U.S. auto sales seen up over seven percent in May: research firms
DETROIT (Reuters) - New-car sales in the United States are expected to rise more than 7 percent in May and continue the strong spring selling season as the month includes five weekends, two industry research firms said on Thursday.
With the help of the Memorial Day holiday weekend, total U.S. sales are expected to finish at more than 1.5 million vehicles, with the month's annual selling rate topping 16 million vehicles for the third straight month, according to J.D. Power and LMC Automotive. Sales to only retail customers are seen increasing even more strongly, up more than 8 percent.
The research firms also said they expect consumers to spend more than $37 billion purchasing new light vehicles this month, topping the previous May high of $34.3 billion in 2004. Monthly auto sales are seen as an early snapshot of consumer demand.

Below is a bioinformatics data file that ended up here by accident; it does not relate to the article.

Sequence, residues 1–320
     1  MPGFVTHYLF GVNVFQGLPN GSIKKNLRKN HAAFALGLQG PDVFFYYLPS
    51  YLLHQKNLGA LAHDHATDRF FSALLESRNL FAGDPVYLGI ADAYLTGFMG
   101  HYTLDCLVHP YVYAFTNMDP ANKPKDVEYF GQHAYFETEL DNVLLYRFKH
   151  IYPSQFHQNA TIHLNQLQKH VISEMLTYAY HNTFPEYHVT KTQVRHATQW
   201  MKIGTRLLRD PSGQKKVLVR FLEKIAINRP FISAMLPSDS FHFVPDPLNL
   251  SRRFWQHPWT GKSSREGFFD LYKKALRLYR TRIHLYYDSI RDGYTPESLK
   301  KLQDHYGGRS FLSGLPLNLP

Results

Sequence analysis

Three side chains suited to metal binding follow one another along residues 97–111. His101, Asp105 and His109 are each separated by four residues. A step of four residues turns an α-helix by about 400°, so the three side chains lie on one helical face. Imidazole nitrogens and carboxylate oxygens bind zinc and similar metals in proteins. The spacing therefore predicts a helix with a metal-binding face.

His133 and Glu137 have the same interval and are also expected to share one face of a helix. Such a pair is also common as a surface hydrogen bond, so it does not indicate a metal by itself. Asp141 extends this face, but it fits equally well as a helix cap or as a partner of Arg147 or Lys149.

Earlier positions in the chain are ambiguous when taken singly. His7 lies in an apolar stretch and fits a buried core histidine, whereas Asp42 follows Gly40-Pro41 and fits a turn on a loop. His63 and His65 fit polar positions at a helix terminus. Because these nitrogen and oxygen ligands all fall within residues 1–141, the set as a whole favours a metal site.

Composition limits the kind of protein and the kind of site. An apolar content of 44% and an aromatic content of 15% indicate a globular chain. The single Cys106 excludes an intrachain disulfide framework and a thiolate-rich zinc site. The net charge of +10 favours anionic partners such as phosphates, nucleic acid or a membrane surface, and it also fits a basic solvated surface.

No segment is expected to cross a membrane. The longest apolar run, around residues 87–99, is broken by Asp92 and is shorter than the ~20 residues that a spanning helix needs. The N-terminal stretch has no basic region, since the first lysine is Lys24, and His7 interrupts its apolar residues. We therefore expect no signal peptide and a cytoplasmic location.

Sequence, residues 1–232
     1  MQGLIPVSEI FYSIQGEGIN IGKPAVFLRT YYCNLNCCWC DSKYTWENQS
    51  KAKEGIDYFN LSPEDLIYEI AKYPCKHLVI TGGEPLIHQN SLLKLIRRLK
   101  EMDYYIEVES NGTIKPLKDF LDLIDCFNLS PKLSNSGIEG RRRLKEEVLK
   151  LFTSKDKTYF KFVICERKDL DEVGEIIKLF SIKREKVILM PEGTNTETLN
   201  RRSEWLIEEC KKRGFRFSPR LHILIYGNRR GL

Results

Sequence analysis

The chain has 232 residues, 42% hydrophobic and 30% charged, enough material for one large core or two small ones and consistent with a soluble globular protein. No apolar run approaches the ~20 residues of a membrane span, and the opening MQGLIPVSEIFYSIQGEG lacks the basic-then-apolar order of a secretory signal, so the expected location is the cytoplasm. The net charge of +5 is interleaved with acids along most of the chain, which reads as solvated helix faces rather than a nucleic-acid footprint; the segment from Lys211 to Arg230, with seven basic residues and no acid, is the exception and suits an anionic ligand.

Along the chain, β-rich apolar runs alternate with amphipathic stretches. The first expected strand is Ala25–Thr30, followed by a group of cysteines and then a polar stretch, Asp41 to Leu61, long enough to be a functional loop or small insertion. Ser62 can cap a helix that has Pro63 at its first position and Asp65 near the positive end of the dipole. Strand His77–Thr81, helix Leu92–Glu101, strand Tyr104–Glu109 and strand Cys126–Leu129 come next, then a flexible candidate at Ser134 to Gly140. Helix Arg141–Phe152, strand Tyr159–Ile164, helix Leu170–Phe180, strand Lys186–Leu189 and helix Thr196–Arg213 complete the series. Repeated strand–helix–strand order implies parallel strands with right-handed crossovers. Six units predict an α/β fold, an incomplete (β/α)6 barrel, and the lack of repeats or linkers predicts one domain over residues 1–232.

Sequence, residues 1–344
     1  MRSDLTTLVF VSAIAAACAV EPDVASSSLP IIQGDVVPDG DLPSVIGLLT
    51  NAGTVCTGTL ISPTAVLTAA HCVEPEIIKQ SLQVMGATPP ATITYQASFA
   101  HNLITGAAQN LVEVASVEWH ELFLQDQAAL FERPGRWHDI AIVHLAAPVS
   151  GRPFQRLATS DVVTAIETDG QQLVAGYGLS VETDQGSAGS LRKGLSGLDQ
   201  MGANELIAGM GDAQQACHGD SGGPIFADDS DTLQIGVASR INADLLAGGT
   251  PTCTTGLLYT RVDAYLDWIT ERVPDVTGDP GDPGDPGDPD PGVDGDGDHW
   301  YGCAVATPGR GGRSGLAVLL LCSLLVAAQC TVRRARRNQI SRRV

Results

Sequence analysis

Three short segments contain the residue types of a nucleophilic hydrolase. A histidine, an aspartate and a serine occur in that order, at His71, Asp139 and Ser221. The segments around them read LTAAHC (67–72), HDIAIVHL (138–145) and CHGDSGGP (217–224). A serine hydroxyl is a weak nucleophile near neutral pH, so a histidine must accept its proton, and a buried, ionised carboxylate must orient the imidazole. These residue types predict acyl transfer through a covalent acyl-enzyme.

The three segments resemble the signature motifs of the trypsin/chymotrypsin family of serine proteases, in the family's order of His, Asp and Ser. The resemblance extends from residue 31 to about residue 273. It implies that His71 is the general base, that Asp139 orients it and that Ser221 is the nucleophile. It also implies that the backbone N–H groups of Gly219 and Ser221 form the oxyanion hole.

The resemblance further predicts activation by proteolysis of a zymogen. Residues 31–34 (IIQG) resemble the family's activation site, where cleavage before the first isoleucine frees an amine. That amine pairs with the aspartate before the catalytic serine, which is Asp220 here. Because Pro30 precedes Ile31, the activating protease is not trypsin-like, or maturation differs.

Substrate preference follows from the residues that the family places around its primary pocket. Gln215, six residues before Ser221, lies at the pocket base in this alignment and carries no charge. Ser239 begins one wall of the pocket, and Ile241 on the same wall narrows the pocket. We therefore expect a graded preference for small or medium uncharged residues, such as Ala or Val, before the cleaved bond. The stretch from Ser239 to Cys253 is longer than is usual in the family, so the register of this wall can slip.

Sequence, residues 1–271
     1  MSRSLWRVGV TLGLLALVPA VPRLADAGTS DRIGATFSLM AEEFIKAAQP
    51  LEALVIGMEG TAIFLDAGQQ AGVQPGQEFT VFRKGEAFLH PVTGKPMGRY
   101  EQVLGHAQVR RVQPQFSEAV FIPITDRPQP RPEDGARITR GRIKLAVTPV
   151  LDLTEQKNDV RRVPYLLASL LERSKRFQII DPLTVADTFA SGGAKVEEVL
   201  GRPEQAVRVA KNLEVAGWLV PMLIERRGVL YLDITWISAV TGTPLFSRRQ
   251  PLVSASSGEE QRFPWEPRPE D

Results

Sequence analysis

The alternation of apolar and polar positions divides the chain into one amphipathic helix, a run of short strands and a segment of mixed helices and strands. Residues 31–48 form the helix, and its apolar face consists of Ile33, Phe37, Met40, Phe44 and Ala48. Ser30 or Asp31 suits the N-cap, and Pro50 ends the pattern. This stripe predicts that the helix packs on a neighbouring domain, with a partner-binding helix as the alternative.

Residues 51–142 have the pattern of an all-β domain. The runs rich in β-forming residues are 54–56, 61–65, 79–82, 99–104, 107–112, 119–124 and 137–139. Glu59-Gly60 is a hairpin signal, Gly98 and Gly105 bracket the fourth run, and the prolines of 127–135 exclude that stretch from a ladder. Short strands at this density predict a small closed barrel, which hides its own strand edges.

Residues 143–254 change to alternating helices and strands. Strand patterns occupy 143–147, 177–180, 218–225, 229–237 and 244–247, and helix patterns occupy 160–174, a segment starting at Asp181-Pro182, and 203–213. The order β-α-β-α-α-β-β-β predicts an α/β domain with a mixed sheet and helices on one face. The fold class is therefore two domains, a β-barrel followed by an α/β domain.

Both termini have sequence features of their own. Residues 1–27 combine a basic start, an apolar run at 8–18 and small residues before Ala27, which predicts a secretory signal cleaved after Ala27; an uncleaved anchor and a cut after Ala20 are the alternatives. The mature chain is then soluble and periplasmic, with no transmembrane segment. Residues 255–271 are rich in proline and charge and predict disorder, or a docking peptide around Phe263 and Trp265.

"The anticipated strong performance in May reflects the combination of strong underlying demand coupled with a quirk of the industry sales calendar, with the May sales month containing five weekends, compared with just four weekends last May," John Humphrey, senior vice president of the global automotive practice at J.D. Power, said in a statement.
U.S. new-car sales in April rose 8 percent, while the annual selling rate finished at 16.04 million vehicles.
LMC still expects sales for the full year will finish at 16.1 million vehicles, which would be up more than 3 percent from last year.
"Three consecutive months of solid growth has returned the market to the expected trend level on a year-to-date basis," said Jeff Schuster, senior vice president of forecasting at LMC. "As we move toward the second half of the year, the selling rates are expected to continue improving, but the growth rates will begin to flatten out, increasing competitive pressures for all brands.
The industry's sales for May are scheduled to be reported on June 3.
(Reporting by Ben Klayman in Detroit; Editing by Peter Galloway)